US4687594A - Emulsifiers useful in the manufacture of high solids emulsion polymers - Google Patents

Emulsifiers useful in the manufacture of high solids emulsion polymers Download PDF

Info

Publication number
US4687594A
US4687594A US06733282 US73328285A US4687594A US 4687594 A US4687594 A US 4687594A US 06733282 US06733282 US 06733282 US 73328285 A US73328285 A US 73328285A US 4687594 A US4687594 A US 4687594A
Authority
US
Grant status
Grant
Patent type
Prior art keywords
surfactant
ethoxylate
nonyl phenol
tetra
weight
Prior art date
Legal status (The legal status is an assumption and is not a legal conclusion. Google has not performed a legal analysis and makes no representation as to the accuracy of the status listed.)
Expired - Lifetime
Application number
US06733282
Inventor
Dennis E. Lietz
Carleen C. Whittern
Current Assignee (The listed assignees may be inaccurate. Google has not performed a legal analysis and makes no representation or warranty as to the accuracy of the list.)
Stepan Co
Eastman Kodak Co
Original Assignee
Stepan Co
Priority date (The priority date is an assumption and is not a legal conclusion. Google has not performed a legal analysis and makes no representation as to the accuracy of the date listed.)
Filing date
Publication date
Grant date

Links

Images

Classifications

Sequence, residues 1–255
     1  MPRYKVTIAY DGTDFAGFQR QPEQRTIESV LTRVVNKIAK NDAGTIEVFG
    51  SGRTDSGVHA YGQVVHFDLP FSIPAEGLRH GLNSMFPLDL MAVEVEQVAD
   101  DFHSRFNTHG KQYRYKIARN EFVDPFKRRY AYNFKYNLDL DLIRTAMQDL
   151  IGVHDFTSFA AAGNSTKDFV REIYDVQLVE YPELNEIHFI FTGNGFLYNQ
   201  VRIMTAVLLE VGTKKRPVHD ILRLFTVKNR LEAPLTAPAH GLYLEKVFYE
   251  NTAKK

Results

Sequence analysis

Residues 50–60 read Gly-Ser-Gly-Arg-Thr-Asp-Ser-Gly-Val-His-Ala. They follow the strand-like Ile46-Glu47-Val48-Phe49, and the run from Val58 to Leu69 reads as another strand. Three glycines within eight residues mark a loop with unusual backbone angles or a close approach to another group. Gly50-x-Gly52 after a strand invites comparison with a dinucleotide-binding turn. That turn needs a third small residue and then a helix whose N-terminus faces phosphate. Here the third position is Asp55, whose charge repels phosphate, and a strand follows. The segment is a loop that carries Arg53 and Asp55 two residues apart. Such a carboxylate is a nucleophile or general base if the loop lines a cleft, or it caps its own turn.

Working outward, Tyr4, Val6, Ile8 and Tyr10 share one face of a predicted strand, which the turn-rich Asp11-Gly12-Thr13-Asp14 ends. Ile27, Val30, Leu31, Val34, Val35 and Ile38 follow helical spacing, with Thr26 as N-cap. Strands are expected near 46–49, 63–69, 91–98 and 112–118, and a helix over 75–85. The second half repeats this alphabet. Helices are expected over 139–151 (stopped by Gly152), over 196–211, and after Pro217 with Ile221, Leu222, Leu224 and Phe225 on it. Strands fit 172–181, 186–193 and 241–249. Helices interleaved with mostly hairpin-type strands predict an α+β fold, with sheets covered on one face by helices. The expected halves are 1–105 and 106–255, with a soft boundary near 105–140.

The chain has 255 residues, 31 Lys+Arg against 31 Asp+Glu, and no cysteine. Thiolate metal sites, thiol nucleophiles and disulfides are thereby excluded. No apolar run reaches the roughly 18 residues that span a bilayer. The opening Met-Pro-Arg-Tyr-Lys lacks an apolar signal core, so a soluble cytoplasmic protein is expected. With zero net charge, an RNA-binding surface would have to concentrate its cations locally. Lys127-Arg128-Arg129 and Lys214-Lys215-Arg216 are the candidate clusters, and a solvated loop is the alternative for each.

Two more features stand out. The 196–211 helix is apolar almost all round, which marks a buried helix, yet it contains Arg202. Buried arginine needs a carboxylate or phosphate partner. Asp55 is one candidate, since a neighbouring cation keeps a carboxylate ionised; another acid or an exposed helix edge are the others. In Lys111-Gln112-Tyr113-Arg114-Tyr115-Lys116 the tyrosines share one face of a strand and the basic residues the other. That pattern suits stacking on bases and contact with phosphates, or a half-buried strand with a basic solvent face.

• BPERFORMING OPERATIONS; TRANSPORTING
    • B01PHYSICAL OR CHEMICAL PROCESSES OR APPARATUS IN GENERAL
    • B01FMIXING, e.g. DISSOLVING, EMULSIFYING, DISPERSING
    • B01F17/00Use of substances as emulsifying, wetting, dispersing or foam-producing agents
    • B01F17/0085Mixtures of compounds
    • CCHEMISTRY; METALLURGY
    • C08ORGANIC MACROMOLECULAR COMPOUNDS; THEIR PREPARATION OR CHEMICAL WORKING-UP; COMPOSITIONS BASED THEREON
    • C08FMACROMOLECULAR COMPOUNDS OBTAINED BY REACTIONS ONLY INVOLVING CARBON-TO-CARBON UNSATURATED BONDS
    • C08F2/00Processes of polymerisation
    • C08F2/12Polymerisation in non-solvents
    • C08F2/16Aqueous medium
    • C08F2/22Emulsion polymerisation
    • C08F2/24Emulsion polymerisation with the aid of emulsifying agents
    • C08F2/26Emulsion polymerisation with the aid of emulsifying agents anionic
    • YGENERAL TAGGING OF NEW TECHNOLOGICAL DEVELOPMENTS; GENERAL TAGGING OF CROSS-SECTIONAL TECHNOLOGIES SPANNING OVER SEVERAL SECTIONS OF THE IPC; TECHNICAL SUBJECTS COVERED BY FORMER USPC CROSS-REFERENCE ART COLLECTIONS [XRACs] AND DIGESTS
    • Y10TECHNICAL SUBJECTS COVERED BY FORMER USPC